My mom grew up during the depression... that is where she got formula....

There was a time she wanted to change... when my brother was making money like crazy during the dot com days... but I told her it is better to be diversified.... so she stuck with it and it has worked...

Also, she is a LBYM person that would make most people on this board look like spendthrifts... I try to get her to spend more, but she just does not care to do it.... no premium cable, heck, she just got cable because it comes with the condo she bought... she lives on her SS and a small pension... and a small amount from her investments...


My recommendation.... save at minimum 10% of your salary... preferrably 15% to 20%... starting from your first job... if you get into that habit, you can keep it... Invest in what you feel comfortable.... but do take some risks if you want to get a decent return over the long haul....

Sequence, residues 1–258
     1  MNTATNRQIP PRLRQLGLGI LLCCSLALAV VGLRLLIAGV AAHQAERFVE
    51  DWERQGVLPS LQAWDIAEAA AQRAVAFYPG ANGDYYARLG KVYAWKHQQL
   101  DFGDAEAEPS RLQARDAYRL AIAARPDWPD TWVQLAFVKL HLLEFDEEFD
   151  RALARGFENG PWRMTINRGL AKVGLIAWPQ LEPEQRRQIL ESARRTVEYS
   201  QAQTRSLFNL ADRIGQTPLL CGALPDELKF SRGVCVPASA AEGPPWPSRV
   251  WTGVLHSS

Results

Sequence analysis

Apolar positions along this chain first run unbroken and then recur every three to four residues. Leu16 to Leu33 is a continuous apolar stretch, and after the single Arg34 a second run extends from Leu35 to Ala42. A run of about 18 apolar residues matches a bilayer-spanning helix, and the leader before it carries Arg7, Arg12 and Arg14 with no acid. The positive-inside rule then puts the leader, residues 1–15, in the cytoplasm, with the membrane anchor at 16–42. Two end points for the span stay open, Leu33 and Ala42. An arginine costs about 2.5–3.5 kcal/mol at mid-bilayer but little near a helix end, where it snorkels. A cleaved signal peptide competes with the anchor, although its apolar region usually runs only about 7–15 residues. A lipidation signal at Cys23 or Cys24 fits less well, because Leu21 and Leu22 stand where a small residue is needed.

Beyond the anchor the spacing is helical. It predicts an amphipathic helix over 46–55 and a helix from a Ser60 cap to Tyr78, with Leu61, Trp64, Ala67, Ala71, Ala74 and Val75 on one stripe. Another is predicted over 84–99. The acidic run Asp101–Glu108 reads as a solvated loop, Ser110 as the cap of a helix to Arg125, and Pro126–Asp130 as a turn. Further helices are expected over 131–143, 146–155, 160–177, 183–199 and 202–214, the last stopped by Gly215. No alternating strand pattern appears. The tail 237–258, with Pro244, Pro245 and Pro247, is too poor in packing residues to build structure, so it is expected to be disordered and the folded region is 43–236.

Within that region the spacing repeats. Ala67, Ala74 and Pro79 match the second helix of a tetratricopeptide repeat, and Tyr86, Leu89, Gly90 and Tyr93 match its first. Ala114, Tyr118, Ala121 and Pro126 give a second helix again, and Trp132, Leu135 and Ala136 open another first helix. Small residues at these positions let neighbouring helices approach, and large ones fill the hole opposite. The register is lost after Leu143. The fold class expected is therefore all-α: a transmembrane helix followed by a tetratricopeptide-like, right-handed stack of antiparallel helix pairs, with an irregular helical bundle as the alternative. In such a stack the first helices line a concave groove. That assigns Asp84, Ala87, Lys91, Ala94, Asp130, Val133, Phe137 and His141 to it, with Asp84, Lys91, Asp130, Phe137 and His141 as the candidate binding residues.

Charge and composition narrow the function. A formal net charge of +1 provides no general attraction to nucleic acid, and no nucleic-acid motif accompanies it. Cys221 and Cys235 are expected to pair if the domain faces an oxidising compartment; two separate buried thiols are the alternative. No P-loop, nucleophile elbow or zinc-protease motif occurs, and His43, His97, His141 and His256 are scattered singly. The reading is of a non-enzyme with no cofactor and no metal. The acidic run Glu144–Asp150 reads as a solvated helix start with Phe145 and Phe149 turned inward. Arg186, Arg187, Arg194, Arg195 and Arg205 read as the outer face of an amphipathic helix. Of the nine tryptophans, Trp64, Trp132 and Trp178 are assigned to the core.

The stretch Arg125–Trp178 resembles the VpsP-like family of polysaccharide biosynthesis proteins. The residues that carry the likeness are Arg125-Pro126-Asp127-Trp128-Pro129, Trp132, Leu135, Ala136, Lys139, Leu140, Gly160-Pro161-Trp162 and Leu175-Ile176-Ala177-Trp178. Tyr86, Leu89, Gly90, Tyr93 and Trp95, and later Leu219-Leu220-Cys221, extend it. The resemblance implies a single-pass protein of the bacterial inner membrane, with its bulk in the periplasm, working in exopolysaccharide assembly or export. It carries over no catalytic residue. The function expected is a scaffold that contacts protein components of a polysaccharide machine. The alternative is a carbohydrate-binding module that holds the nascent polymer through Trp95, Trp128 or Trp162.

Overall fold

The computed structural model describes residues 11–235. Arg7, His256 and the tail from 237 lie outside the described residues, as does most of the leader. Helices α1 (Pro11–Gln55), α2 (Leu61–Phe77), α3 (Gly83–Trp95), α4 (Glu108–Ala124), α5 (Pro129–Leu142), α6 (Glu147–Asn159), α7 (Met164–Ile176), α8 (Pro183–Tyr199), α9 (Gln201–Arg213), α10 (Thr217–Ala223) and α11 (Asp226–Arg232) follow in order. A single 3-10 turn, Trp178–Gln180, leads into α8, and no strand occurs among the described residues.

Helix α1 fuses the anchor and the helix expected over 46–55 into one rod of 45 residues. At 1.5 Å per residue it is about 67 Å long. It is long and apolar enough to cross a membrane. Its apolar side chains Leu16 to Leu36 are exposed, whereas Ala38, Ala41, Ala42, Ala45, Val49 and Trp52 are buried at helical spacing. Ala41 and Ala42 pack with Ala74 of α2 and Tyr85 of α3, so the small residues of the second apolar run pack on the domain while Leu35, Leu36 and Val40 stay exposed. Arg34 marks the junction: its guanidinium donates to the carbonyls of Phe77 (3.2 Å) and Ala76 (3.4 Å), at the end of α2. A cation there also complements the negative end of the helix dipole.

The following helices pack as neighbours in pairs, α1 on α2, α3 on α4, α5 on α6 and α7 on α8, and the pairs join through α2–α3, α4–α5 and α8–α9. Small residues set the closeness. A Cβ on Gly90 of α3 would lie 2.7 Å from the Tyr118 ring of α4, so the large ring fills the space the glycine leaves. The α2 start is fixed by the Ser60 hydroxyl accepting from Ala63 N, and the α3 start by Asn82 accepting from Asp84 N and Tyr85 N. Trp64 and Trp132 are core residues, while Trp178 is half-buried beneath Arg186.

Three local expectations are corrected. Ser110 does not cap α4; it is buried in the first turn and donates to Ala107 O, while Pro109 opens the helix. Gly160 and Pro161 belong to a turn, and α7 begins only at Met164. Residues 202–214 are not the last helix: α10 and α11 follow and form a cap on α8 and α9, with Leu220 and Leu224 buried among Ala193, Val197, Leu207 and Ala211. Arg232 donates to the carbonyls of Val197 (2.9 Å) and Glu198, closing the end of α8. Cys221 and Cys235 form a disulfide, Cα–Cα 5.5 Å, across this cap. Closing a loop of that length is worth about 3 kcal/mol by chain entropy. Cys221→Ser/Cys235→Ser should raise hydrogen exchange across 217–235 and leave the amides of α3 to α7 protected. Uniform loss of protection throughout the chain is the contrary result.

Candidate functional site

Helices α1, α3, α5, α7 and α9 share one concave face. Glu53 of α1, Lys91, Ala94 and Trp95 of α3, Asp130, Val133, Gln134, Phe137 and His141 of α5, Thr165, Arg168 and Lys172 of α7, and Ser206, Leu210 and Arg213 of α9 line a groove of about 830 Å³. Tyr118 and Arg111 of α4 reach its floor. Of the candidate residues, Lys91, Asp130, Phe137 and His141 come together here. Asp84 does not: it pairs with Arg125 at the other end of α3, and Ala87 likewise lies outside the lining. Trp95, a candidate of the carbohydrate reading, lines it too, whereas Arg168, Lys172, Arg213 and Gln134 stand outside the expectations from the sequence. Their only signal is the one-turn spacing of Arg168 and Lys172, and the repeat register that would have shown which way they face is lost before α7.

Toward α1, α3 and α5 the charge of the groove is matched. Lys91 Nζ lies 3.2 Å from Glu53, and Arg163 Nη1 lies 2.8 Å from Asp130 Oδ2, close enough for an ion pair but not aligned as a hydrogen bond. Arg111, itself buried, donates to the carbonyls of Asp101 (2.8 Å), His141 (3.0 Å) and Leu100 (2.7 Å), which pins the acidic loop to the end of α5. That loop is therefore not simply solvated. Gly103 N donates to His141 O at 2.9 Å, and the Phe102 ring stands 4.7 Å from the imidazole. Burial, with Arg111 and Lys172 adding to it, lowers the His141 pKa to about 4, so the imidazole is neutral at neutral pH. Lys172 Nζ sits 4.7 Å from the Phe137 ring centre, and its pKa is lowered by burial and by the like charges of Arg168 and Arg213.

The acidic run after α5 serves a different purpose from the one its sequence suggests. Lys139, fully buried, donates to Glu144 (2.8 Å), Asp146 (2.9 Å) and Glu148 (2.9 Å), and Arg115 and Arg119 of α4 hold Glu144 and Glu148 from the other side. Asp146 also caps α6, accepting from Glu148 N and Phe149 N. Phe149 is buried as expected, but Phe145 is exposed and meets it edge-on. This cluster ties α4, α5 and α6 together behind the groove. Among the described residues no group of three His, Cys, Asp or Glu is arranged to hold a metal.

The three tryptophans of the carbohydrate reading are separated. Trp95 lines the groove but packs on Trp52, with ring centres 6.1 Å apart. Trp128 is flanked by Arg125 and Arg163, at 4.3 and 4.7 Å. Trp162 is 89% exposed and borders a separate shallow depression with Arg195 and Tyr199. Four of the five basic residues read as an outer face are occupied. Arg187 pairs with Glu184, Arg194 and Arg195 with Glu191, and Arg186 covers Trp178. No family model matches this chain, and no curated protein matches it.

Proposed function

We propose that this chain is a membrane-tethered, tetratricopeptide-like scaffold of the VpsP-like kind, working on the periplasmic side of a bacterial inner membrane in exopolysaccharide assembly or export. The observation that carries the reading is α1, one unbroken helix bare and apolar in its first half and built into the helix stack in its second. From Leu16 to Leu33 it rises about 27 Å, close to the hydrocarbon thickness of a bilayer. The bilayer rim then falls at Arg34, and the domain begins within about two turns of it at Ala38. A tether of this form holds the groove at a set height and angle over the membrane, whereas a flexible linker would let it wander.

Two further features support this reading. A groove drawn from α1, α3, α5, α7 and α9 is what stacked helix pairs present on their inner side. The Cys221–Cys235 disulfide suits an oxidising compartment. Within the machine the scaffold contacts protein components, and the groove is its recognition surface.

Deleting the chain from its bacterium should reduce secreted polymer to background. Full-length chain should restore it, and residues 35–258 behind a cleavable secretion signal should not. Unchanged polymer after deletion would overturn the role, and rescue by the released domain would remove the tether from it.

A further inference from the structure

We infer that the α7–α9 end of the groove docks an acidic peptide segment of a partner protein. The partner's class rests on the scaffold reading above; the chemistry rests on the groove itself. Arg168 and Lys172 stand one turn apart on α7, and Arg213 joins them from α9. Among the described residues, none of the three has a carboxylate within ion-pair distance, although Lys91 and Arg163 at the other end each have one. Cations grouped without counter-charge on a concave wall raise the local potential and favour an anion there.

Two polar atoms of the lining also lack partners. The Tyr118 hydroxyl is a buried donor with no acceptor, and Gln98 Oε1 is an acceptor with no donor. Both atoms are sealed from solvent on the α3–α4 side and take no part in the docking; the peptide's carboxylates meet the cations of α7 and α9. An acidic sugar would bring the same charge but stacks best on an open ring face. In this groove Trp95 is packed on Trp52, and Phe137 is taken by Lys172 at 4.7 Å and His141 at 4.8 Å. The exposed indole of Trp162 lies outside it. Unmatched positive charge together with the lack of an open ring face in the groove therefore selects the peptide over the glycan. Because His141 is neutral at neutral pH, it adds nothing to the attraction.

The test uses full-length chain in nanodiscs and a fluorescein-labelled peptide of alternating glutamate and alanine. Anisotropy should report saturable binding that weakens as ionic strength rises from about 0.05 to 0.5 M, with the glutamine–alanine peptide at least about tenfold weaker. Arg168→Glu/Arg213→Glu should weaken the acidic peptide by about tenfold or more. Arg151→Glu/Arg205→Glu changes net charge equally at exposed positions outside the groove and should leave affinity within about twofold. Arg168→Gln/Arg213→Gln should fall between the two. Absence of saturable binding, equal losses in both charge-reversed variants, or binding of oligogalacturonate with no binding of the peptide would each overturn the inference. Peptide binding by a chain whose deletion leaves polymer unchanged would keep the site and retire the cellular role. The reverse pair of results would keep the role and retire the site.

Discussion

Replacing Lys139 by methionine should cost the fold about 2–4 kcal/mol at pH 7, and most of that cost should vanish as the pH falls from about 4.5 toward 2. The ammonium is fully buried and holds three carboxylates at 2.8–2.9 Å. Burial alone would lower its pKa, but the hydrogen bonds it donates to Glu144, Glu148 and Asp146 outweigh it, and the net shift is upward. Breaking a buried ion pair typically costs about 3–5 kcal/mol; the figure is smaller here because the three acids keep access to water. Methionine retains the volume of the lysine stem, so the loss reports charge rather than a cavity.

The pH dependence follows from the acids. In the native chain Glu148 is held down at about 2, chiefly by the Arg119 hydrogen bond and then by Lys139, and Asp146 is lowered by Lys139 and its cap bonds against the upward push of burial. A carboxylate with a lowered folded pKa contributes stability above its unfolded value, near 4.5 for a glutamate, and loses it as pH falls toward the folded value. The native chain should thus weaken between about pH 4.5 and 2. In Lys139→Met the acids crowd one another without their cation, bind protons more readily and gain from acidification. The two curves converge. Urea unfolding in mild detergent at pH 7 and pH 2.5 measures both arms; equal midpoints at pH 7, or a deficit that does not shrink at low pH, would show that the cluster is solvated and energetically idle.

If someone young was planning on making it with CDs and private lending.... they would be sorry when it came time to retire... if they were doing that to fund their retirement, then it sounds like a good source of current income with not as big of downside as the stock market...
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Old 07-09-2009, 01:30 PM   #74
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But if she looks at you like you are an idiot when the market goes down and you are invested, wouldn't she look at you like an idiot if it went up a lot and you were not invested in it at all? How long would it take for her to hear about everyone else who doubled the value in their RRSP's/IRA's/401k in five years before she asks you why you are wasting away your joint assets in fixed investments that are barely beating inflation? Maybe your DW has unrealistic expectations about money management. At the least, it certainly sounds like she is risk averse if she could not stomach a 30% drop in investment values in your long term investments. Investing in equities is probably not for her.